a sermon by Rev. Jill Cowie
Religious freedom is at the heart of Unitarian Universalism. It has deep roots in our history, connecting us to Unitarian King John Sigismund and to the Unitarianism of 16th century Transylvania (now part of Romania). This Sunday’s sermon celebrates our connection with our partner church and their minister Istvan Berei as well as offers up a bit of our history, a trail of connection to explores the 21st century relevance of the edict of Torda issued in 1568, that says “no one shall be reviled… or threatened” because of their religion. A Transylvania lunch will follow the service.
Reading 1:Excerpts from “The Difference Between Holy and Nice” by Rev. Ana Levy- Lyons
Many liberals today have taken the concern for rights, liberty, and individualism to the extreme. I’m thinking particularly of modern liberal movements, including Reform Judaism, American Buddhism, yoga communities, Unitarian Universalism, and unaffiliated spiritual progressives. Often these movements have come to fetishize freedom as an end in itself- the end in itself- that trumps all other values. I was particularly struck in this regard by a recent discussion with a group of Unitarian Universalists. I was leading an exercise in which I had asked them to imagine a tight-knit community of “really religious, really observant Unitarian Universalists.” I asked them to envision what foods members of this hypothetical community would eat, what they would wear, how they would raise their children, and how they would spend their time and money. What practices would be required? What would be prohibited? Category by category, the response was the same: nothing would be required, nothing prohibited. I challenged them on this point. No foods would be prohibited? Not even foods grown by farmworkers for slave wages? …Clearly, to religious liberals, what people ultimately do with their freedom of choice is of less concern than that they have this freedom. Yes, they value community and social justice and caring for the earth, but freedom is a higher value still.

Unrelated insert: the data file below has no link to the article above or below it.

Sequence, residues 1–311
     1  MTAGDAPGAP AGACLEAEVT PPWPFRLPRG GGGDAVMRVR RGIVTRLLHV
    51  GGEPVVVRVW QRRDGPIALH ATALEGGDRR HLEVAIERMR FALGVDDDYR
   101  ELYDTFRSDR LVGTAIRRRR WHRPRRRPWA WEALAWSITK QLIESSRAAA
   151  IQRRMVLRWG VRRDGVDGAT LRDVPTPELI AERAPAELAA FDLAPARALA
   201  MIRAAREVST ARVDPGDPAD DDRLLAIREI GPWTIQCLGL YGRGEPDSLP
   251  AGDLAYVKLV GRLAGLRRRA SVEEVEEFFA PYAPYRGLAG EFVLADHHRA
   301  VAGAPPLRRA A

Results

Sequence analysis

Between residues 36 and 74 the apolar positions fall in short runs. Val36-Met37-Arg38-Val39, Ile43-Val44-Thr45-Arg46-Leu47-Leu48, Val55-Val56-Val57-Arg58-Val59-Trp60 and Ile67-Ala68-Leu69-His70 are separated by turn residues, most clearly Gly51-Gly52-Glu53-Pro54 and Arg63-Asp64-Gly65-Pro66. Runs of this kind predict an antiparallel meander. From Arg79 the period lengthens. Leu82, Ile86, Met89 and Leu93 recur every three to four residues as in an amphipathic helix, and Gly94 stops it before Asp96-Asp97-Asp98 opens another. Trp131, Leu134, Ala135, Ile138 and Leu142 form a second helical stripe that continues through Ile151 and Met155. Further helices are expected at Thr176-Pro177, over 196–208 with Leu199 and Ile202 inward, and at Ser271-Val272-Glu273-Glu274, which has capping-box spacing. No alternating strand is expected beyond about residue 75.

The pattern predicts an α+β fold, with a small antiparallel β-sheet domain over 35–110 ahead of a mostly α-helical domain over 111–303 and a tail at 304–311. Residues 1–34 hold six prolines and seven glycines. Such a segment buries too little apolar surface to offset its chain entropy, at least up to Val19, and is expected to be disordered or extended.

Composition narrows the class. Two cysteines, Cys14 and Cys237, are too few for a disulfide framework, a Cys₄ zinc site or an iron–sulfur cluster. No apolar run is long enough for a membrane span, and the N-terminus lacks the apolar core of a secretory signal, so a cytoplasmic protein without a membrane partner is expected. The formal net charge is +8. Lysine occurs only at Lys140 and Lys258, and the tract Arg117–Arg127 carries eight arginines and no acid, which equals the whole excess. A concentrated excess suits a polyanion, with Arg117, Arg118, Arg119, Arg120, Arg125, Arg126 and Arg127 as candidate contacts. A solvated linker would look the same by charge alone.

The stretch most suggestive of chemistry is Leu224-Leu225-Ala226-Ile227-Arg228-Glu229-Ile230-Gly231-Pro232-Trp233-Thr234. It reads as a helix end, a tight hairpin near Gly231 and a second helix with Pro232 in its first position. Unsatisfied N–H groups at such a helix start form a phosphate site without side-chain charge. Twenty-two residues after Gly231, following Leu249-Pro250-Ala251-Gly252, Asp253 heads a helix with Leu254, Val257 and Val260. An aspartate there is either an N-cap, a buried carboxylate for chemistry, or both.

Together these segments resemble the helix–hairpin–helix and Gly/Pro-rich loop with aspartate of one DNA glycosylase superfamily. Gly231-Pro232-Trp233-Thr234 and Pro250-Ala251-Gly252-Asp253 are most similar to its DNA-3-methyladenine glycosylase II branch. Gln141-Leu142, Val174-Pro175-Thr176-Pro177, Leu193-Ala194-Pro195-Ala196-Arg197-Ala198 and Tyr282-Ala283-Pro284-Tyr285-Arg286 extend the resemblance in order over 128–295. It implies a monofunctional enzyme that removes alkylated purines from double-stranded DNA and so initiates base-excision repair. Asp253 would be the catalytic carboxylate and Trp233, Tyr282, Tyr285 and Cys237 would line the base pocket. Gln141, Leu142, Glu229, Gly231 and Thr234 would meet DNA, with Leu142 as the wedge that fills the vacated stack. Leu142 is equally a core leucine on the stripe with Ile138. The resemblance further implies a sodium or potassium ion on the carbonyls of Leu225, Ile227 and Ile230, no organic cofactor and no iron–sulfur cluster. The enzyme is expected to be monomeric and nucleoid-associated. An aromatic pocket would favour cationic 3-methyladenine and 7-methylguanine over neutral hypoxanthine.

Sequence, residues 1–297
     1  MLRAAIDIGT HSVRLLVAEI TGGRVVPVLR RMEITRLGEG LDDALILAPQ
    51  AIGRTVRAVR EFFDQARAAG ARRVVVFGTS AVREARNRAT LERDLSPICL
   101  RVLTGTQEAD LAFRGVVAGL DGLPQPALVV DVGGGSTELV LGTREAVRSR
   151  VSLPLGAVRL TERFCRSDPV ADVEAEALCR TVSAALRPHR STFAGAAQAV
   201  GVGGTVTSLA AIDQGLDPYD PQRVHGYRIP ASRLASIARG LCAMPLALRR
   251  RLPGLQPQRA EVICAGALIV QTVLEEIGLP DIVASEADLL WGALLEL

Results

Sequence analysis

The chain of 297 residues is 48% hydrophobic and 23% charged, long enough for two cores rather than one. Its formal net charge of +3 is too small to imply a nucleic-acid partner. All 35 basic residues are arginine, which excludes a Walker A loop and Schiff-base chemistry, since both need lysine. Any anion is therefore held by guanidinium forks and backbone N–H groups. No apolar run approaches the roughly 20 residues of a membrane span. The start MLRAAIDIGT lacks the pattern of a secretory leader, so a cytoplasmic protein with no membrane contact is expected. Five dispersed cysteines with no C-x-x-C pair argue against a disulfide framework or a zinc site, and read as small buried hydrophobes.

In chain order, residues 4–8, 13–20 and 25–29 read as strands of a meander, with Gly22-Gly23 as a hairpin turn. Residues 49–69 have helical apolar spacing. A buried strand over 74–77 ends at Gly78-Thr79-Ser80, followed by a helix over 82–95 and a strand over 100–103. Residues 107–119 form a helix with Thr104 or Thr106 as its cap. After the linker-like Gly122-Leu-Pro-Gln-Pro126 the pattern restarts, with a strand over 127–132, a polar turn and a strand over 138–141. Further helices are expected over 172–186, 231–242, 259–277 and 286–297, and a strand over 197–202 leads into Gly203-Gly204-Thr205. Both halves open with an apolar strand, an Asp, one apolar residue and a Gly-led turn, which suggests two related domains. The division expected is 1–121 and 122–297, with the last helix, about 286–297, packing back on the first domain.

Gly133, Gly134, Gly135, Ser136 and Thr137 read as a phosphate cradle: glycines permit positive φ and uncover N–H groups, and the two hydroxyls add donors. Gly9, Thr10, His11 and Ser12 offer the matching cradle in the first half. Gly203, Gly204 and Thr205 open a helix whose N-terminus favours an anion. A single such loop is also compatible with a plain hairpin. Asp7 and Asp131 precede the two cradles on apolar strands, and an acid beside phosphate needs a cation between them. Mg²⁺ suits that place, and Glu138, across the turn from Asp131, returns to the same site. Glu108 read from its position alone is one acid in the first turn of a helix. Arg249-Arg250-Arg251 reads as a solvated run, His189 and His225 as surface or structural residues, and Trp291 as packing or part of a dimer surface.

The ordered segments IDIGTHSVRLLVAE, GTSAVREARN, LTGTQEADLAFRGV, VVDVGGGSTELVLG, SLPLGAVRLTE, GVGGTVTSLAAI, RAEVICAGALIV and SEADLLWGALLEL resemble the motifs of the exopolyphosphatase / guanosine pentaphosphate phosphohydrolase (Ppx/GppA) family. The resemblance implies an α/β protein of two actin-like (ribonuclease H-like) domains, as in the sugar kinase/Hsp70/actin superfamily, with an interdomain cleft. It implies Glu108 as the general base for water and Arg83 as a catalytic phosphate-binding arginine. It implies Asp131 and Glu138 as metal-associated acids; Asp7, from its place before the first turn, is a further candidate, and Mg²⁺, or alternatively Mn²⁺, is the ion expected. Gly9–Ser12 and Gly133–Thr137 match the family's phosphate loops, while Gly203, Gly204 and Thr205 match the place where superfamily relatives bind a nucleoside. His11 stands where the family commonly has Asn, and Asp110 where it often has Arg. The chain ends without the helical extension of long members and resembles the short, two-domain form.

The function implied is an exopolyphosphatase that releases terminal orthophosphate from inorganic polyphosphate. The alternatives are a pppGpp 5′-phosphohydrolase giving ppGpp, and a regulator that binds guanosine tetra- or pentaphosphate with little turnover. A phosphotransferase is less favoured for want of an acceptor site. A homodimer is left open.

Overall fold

Reading 2: Excerpts of Psalm 137
By the rivers of Babylon we sat and wept
when we remembered Zion.
There on the poplars
we hung our harps,
for there our captors asked us for songs,
demanded from us songs of joy;
they said, “Sing us one of the songs of Zion!”
How can we sing the songs of the Lord
while in a foreign land?
If I forget you, Jerusalem,